Have a helper elevate and extend the foreleg and again find the rear of the scapula, tracing around it. Notice how far the scapula has rotated to the rear. Be sure your saddle doesn't interfere with this rotation.
The arrow points to the "cartilage of prolongation"
Conclusion: If, after studying these methods carefully and applying them and you cannot illicit any response from your horse, even when probing his natural reflex points, you can be sure your horse has severe long-term issues. He is locked up and is blocking all stimuli. Therefore, contact a professional for further assistance.
Will this saddle fit different shape backs?
Allow me to share with you a few of our riding horses that we ride. You can see how different their withers are, how wide their shoulders are, how dippy their backs are, how long/short their backs are, how fast the croup rises up. As you look at the following photos, you can see that not just any saddle will work, nor will that saddle allow for a custom fit, giving the horse complete and free movement. You can ONLY achieve this with a Delrin Panel saddle with the most advanced system.
Tito, Peruvain, 15 hands
Mister, Fox trotter, 15.1 hands
Joya, Peruvian, 14.2 hands
Arnosa, Peruvian, 14.2 hands
Ave, Peruvian, 14.3 hands
Stuart, Quarter horse, 15 hands
Princess, Peruvian, 13.3 hands
Henry, Peruvian, 14.3 hands
Colina, Peruvian, 15 hands at age 3
Click here to see this horse after 5 months riding & how her back changed. Incredible.
Remember, here at Hill View Farms, we thoroughly test all of our products. Every year we put 1000 miles of real horseback riding miles on our horses. We test and then use only the best products and put our money where our mouth is. We RIDE.
The photos to the left are that of a System X saddle on my dinning room table, (and remember that this saddle was NOT designed to fit a dinning room table). But, I just had to show you how the panels can mash flat for a flat back or mutton-withered horse and then curve up to fit a real 'A' frame horse. Now THAT is a saddle that can really fit a wide variety of back shapes with no additional adjusting by you, the customer. Now you know why we LOVE our saddles and so do our horses!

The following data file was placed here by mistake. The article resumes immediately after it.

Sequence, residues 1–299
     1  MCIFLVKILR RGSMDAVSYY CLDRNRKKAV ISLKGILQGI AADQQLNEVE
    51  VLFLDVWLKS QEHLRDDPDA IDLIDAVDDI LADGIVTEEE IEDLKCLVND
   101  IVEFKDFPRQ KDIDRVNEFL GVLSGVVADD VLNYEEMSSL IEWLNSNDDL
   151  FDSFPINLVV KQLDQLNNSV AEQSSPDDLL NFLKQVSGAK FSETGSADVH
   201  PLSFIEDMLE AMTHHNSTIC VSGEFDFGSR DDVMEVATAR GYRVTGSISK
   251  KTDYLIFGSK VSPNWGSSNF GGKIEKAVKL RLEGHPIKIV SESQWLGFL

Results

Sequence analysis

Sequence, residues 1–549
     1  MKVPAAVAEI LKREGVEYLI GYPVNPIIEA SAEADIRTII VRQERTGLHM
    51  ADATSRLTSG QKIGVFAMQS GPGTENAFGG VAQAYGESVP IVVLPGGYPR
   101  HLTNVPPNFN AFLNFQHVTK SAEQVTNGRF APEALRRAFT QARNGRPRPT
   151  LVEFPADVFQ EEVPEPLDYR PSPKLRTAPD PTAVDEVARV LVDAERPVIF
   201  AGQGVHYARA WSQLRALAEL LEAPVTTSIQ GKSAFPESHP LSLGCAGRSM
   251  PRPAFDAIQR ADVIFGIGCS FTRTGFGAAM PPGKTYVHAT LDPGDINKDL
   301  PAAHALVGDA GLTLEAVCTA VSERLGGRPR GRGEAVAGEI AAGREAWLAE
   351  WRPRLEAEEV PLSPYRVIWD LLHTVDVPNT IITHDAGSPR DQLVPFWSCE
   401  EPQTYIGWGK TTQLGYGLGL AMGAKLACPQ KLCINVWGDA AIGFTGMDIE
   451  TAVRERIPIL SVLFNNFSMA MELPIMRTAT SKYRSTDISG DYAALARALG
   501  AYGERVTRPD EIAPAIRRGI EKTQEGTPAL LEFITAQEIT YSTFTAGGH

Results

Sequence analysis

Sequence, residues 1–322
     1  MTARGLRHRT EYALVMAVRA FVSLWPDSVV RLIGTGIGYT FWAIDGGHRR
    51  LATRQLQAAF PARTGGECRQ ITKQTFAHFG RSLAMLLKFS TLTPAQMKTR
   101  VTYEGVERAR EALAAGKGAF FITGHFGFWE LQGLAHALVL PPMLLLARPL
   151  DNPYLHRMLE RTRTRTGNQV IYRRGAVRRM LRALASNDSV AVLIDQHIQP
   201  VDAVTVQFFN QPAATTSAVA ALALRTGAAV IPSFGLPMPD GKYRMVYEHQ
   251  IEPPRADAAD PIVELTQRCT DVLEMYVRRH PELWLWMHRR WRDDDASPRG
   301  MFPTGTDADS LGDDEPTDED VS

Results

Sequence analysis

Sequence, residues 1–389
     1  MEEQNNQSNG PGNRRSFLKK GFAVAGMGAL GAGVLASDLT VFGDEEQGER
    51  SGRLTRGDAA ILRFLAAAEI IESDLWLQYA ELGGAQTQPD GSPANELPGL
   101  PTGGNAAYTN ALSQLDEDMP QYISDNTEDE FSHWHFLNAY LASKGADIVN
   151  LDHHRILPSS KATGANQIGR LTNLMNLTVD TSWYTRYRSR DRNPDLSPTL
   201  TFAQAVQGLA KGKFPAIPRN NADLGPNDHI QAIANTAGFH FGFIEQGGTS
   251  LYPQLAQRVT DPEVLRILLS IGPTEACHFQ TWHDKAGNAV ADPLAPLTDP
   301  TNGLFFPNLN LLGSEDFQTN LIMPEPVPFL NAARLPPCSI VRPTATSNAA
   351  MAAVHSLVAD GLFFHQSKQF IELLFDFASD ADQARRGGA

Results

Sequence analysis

To check saddle fit you need TWO people. Begin saddling by using a thin pillowcase or no pad at all. Check for clearance between the tree and spine of the horse. One person can now mount up. The other will re-check for spine clearance as well as clearance between the tree and the panels. The person on the ground will slide their hand under the front middle and rear of the saddle (both sides), checking for even pressure as the horse is moved in a figure 8 pattern. Notice that the saddle without a rider sits uneven, as the panels in a natural state will be straight. It is ONLY when weight is in the saddle that the panels will conform to the horses back. For details saddle fitting and palpation purchase the all about saddling video - located under books in the index.
Prince has a sway back. One of Sue's veterinarians said that this horse should be put down as he would never be able to be ridden. We and other professionals proved wrong!
Prince has a 5 inch dip
We fit the saddle bare with no pad, Sue mounted up and we looked for clearance between the tree and the panels. Perfect. So we put the pad on.
Remember you need TWO people to check fit. One who is in the saddle and the other on the ground LOOKING.
Here Prince, an Arabian who is 19 years old, that Sue adopted from a rescue, is perfectly fitted. However we discovered later we could have used a crupper too.
Sue is very happy, took the photo of her right before the big smile as she was really amazed at the results of our testing ride in the hilly country of Southeastern MN.
Just because someone or a horse has a different conformation DOES NOT mean that they can not be useful and happy. With the right equipment and a devoted owner. Prince can now enjoy trail riding as much as Sue does.
An even sweat pattern tells it all. We did some serious hill climbing and the saddle did not move back as we had a breast collar, but the saddle did move forward, so next time a crupper will be used. This saddle was a Perfect fit, with dry down the center offering all the clearance needed for fit.
RETURN TO INDEX or to place an order Order Form Have questions or to order by phone: Toll Free in US dial 866-723-5937 Out of country dial 507-723-5937
© 2015 Web Master - Cathy Sheets Tauer
What do the various different back shapes of a horse look like? Click here
What do customers have to say about these saddles? click here